In what is considered “the largest identity theft takedown in U.S. history,” 111 individuals were indicted for “stealing the personal credit information of thousands of unwitting American and European consumers and costing individuals, financial institutions and retail businesses more than $13 million in losses over a 16-month period.”
The five different identity theft and forgery rings involved in these crimes targeted banks using a variety of techniques. From inside jobs to robberies and credit card fraud, this criminal network, based in Queens, New York but with ties to Europe, Asia, Africa, and the Middle East, was organized and profitable.
The criminals’ primary focus was on credit cards. Many of the defendants are accused of using stolen credit card numbers to purchase “tens of thousands of dollars worth of high-end electronics and expensive handbags and jewelry,” not to mention staying at five-star hotels Even after the culprits are caught and prosecuted, their victims are still faced with the difficult task of having to repair their credit ratings and financial reputations. In some cases, that process can take years.”
“Even after the culprits are caught and prosecuted, their victims are still faced with the difficult task of having to repair their credit ratings and financial reputations. In some cases, that process can take years,” explained Queens district attorney Richard Brown.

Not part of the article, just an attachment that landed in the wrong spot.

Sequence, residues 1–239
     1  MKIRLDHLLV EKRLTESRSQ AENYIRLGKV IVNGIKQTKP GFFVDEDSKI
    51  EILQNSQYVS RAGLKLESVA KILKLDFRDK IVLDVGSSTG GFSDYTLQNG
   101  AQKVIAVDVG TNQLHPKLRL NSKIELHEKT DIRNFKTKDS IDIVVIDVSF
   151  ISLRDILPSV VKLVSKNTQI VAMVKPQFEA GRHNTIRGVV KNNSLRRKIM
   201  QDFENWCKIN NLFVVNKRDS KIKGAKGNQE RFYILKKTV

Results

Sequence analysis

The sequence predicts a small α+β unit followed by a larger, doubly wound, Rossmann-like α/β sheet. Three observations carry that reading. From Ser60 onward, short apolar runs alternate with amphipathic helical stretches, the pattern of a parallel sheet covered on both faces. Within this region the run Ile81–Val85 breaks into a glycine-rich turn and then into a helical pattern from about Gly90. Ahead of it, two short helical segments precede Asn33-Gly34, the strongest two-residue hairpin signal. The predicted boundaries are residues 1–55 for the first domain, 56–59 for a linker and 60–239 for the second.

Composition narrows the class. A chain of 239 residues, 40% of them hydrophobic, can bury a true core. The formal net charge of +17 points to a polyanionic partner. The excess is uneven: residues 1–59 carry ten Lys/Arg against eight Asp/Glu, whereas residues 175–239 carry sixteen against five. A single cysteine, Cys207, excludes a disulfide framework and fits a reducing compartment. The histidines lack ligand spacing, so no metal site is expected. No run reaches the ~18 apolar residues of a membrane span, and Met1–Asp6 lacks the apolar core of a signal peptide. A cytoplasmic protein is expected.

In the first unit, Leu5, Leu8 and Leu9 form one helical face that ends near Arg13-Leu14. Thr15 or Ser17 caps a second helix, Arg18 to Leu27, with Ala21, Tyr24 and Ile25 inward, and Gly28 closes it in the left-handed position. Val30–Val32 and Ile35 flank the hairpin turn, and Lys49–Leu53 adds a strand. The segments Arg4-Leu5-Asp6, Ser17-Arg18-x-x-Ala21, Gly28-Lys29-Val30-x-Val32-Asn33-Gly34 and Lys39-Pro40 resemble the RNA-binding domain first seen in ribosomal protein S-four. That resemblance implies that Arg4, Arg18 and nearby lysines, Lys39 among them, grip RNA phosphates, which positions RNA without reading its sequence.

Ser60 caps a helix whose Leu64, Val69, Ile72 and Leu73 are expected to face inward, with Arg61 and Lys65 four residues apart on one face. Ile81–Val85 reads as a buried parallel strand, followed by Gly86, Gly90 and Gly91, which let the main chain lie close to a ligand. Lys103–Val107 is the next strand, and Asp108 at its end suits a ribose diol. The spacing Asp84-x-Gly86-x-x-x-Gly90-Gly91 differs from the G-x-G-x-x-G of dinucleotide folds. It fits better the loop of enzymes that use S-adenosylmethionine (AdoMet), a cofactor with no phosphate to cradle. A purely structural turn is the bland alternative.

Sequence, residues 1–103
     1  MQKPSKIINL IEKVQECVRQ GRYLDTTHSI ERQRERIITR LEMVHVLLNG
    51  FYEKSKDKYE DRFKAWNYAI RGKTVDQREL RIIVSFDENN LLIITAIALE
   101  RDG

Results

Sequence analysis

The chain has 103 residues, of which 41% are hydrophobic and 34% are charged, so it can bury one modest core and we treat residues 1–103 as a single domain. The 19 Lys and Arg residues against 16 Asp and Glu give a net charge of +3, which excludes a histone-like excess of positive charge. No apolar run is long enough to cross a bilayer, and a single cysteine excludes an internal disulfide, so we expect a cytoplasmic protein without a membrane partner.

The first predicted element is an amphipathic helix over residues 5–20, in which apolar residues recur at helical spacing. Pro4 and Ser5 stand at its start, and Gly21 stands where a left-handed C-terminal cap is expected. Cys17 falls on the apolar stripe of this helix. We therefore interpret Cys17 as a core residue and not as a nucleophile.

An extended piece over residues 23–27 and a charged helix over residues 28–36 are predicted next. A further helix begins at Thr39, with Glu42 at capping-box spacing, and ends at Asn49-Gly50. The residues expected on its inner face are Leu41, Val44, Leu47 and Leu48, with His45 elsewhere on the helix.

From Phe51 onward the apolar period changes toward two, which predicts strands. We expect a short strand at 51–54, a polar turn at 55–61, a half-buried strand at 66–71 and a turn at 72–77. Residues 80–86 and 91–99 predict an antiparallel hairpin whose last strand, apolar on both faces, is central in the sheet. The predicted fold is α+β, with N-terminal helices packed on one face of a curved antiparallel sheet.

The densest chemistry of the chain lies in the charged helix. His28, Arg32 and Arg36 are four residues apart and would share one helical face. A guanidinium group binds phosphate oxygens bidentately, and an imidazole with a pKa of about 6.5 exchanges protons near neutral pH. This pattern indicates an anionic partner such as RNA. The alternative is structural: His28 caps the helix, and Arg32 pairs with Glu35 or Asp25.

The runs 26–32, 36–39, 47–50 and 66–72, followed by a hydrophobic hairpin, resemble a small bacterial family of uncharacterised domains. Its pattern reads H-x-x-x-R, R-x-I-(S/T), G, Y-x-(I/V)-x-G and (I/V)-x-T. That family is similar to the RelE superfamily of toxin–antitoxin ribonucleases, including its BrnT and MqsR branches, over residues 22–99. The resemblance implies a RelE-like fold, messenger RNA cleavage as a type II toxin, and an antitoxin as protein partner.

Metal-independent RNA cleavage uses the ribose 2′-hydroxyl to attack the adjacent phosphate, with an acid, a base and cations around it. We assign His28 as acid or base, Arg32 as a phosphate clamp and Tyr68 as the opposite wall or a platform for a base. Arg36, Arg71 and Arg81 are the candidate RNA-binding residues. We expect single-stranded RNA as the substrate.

Police Commissioner Kelly commented, “These weren’t holdups at gunpoint, but the impact on victims was the same. They were robbed. We assigned detectives to financial crimes because of the potential victimization is so great, especially as the use of credit cards and their vulnerability to identity theft have grown along with the Internet.”
More financial institutions could protect their clients and themselves by incorporating device identification upfront in their fraud detection processes to keep scammers out, as the recent FFIEC guidelines suggest. Oregon-based iovation Inc. offers the world’s most advanced device identification service, which is already in use at many major financial institutions offering commercial and retail banking as well as credit issuance. The device recognition service, called ReputationManager 360, is used alongside other risk-based authentication tools for a layered defense against organized crime.
Robert Siciliano, personal security and identity theft expert contributor to iovation, discusses another databreach on Good Morning America. (Disclosures)